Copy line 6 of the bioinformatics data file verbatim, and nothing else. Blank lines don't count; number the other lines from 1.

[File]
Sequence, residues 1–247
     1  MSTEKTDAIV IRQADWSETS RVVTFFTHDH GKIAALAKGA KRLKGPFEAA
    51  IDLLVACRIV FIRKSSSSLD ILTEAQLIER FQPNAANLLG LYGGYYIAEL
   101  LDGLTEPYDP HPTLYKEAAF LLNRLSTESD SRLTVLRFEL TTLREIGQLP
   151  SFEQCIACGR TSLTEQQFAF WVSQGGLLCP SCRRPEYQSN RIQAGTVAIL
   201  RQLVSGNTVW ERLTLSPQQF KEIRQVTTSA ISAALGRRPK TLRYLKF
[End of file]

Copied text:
   201  RQLVSGNTVW ERLTLSPQQF KEIRQVTTSA ISAALGRRPK TLRYLKF